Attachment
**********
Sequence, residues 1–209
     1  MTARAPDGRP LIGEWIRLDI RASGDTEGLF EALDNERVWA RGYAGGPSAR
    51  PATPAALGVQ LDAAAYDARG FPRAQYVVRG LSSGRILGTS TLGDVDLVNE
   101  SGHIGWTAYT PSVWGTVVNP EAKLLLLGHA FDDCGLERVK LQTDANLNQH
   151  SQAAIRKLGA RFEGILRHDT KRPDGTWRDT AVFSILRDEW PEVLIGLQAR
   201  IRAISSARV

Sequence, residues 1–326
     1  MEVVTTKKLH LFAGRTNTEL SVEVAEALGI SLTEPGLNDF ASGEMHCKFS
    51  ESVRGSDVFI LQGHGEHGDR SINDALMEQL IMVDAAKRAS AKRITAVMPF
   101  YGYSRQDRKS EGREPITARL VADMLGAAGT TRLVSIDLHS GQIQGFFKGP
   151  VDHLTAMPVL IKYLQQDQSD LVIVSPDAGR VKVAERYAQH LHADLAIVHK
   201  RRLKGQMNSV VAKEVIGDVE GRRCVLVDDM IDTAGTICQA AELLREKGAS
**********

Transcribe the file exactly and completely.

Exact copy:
Sequence, residues 1–209
     1  MTARAPDGRP LIGEWIRLDI RASGDTEGLF EALDNERVWA RGYAGGPSAR
    51  PATPAALGVQ LDAAAYDARG FPRAQYVVRG LSSGRILGTS TLGDVDLVNE
   101  SGHIGWTAYT PSVWGTVVNP EAKLLLLGHA FDDCGLERVK LQTDANLNQH
   151  SQAAIRKLGA RFEGILRHDT KRPDGTWRDT AVFSILRDEW PEVLIGLQAR
   201  IRAISSARV

Sequence, residues 1–326
     1  MEVVTTKKLH LFAGRTNTEL SVEVAEALGI SLTEPGLNDF ASGEMHCKFS
    51  ESVRGSDVFI LQGHGEHGDR SINDALMEQL IMVDAAKRAS AKRITAVMPF
   101  YGYSRQDRKS EGREPITARL VADMLGAAGT TRLVSIDLHS GQIQGFFKGP
   151  VDHLTAMPVL IKYLQQDQSD LVIVSPDAGR VKVAERYAQH LHADLAIVHK
   201  RRLKGQMNSV VAKEVIGDVE GRRCVLVDDM IDTAGTICQA AELLREKGAS